1980s: By the time the ’80s rolled around, cellphones were just starting to infiltrate the population. This caused a division over whether it was proper to answer a call in the shower. According to the New York Times, the answer is a resounding no.
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1980s: Also coming into mass popularity at the time were computers. Rather than “Best Regards” or a simple “Thanks,” the standard email sign-off at the time was the weirdly robotic: “Electronically Yours.”
1980s: Sending flowers has always been a thing, but in the ’80s, it became particularly important what color said flowers were. Red for lovers, white for grief, and the list goes on.
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Etiquette of the past is strange to modern eyes, but let’s not pretend we don’t still follow our own. We go crazy for etiquette the second we step into restaurants, often learning we’re math whizzes when it comes to tipping law. There’s a lot of restaurant courtesies we follow.
2. Don’t stack your plates: You might think you’re helping your server by stacking all of your dirty dishes in one pile, but this often screws up whatever system they have for clearing the table. Just sit back, take a sip of your drink, and let them do their job.
3. Don’t change your dish: The dishes on the menu are cooked that way for a specific reason. Sure, asking for a vegetarian option is fine, but when you start making multiple substitutions, you’re changing carefully-constructed flavor profiles, and ultimately, the entire meal.
4. Keep the splits simple: Servers have no problem splitting the bill for people when it comes time to pay. However, if it’s not an even split and guests start calculating odd amounts based on how much they ate, it becomes a mathematical nightmare.
5. Taste before asking for salt: Chefs hate when a customer asks for salt before they even try a dish. Lots of thought goes into seasoning food, and it’s a slap in the face when someone immediately assumes it’s not up to their liking.
6. Look your server in the eye: Isn’t it uncomfortable when you’re trying to chat with someone and they refuse to look you in the eye? Well, it’s equally as uncomfortable for servers when they’re taking your order and you won’t even glance up from the menu.
7. Put away your phone when ordering: One of the most annoying things a server deals with is the lack of attention they get due to cell phone usage. Everyone is so absorbed in social media and texting they ignore the fact someone is trying to take their orders.
8. Know your kids: Bringing children into a restaurant is fine so long as they know how to behave. Just because you’re enjoying a cocktail with your friends doesn’t mean the waitstaff needs to assume the role of babysitter. Leave rambunctious kids at home, plain and simple.
9. Don’t yell: Shouting at anyone is just plain rude, and deciding the quickest way to get your meal is to raise your voice and berate the person who’s taking care of it is completely unacceptable. Check your lack of manners at the door.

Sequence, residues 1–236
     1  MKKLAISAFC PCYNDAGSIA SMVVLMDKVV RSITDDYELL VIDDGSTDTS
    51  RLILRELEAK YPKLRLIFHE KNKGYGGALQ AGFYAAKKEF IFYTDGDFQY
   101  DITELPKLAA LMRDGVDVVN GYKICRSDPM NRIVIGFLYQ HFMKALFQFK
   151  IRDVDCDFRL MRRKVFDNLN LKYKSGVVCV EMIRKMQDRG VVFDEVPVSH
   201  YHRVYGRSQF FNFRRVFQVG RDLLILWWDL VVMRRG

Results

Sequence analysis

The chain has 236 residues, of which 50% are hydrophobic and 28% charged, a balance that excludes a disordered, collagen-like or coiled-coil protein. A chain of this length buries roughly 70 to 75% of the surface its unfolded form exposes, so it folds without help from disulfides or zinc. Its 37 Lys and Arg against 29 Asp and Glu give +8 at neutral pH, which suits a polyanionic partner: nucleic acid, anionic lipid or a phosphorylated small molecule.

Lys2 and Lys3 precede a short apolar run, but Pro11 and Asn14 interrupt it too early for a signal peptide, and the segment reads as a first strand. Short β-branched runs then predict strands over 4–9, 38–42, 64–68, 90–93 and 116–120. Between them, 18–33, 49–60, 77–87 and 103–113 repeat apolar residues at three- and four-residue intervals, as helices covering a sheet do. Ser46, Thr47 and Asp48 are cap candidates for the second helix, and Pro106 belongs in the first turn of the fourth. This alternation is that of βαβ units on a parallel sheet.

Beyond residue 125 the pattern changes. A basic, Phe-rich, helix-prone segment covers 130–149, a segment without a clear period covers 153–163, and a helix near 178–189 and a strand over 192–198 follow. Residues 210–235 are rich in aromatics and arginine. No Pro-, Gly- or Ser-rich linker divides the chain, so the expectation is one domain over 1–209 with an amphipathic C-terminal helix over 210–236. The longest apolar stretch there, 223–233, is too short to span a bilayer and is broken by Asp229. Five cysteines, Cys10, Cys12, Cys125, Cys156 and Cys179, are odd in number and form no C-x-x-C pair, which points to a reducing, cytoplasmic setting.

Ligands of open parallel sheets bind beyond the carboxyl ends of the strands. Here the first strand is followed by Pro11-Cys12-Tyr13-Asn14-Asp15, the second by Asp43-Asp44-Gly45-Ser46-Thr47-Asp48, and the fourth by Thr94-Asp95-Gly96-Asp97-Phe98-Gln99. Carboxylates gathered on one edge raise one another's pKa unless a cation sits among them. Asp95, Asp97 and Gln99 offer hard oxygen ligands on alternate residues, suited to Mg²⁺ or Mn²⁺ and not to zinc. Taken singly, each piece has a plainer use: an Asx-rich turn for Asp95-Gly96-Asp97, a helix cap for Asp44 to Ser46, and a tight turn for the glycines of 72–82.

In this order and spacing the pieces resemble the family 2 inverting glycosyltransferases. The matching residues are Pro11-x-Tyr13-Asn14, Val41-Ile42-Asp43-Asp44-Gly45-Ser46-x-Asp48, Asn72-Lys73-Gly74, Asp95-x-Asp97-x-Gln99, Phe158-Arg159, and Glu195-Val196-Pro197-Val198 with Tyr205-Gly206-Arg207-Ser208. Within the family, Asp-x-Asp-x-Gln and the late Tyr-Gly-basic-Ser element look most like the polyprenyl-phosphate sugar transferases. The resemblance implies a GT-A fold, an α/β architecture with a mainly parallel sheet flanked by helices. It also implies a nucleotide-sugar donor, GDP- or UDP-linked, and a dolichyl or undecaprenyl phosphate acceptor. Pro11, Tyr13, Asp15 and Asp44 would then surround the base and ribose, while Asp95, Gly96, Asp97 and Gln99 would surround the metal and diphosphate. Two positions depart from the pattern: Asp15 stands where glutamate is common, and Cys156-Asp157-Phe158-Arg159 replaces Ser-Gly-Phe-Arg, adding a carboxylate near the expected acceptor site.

10. Don’t snap: Just because a server is taking your order and delivering your food doesn’t mean they’re your servant. Trying to grab a server’s attention by snapping your fingers is a sure-fire way to wait longer for whatever you need.
11. Closed means closed: Servers, just like anyone else who has a job, want to get home to their families and friends after their shifts are over. Hanging around a restaurant chatting after they close up shows blatant disrespect for the employees’ time.
12. Clean up after your kids: If you’re bringing along children to eat, make sure they don’t leave the table looking like a war zone when the meal is finished. You might walk out satisfied, but now someone has to spend time cleaning up your disaster.
13. No reservations, no griping: If you show up to a restaurant during its breakfast, lunch, or dinner rush without a reservation, don’t complain if the host seats you at a table you don’t like. When it’s that busy, you’ll be put wherever there’s “technically” room.
14. Make room: A server’s job is to deliver everyone’s meal quickly and efficiently, but that doesn’t mean you can’t give them a hand along the way. If the table is crowded, refusing to help them clear any room is just plain rude.
15. Don’t order things that aren’t on the menu: Items on menus change all the time; maybe they weren’t selling enough, or they could have been using seasonal ingredients. Either way, they’re off the menu for a specific reason, so asking for them doesn’t make any sense.
16. Pay out your bartender: Sometimes before you’re seated it’s nice to have a drink at the bar. If you end up ordering something, don’t leave while the bartender is making your drink and retreat to a table without saying anything. It’s a huge waste of their time.
17. Help servers limit table visits: Try to think of everything you might need at once in order to limit the trips a server needs to make to the table. Sure, asking for something like pepper is fine, but making them return to the table multiple times for one single request is frustrating.
18. Don’t assume your server wants to date you: Servers treat their guests with respect because they want them to have a pleasant meal. Just because they’re nice to you doesn’t mean they’re interested romantically and want your number at the end of the meal.
19. Make up your mind: Before you call your server over to take an order, make sure you actually are ready to order. Servers have other tables and standing around while you look over the menu for the fourth time cuts into the time they could spend somewhere else.
20. Think before you complain: Always try to put yourself in the shoes of your server before you launch a minor complaint. Many of them have been working for hours before you arrived, and they’ve probably dealt with a handful of frustrating things already.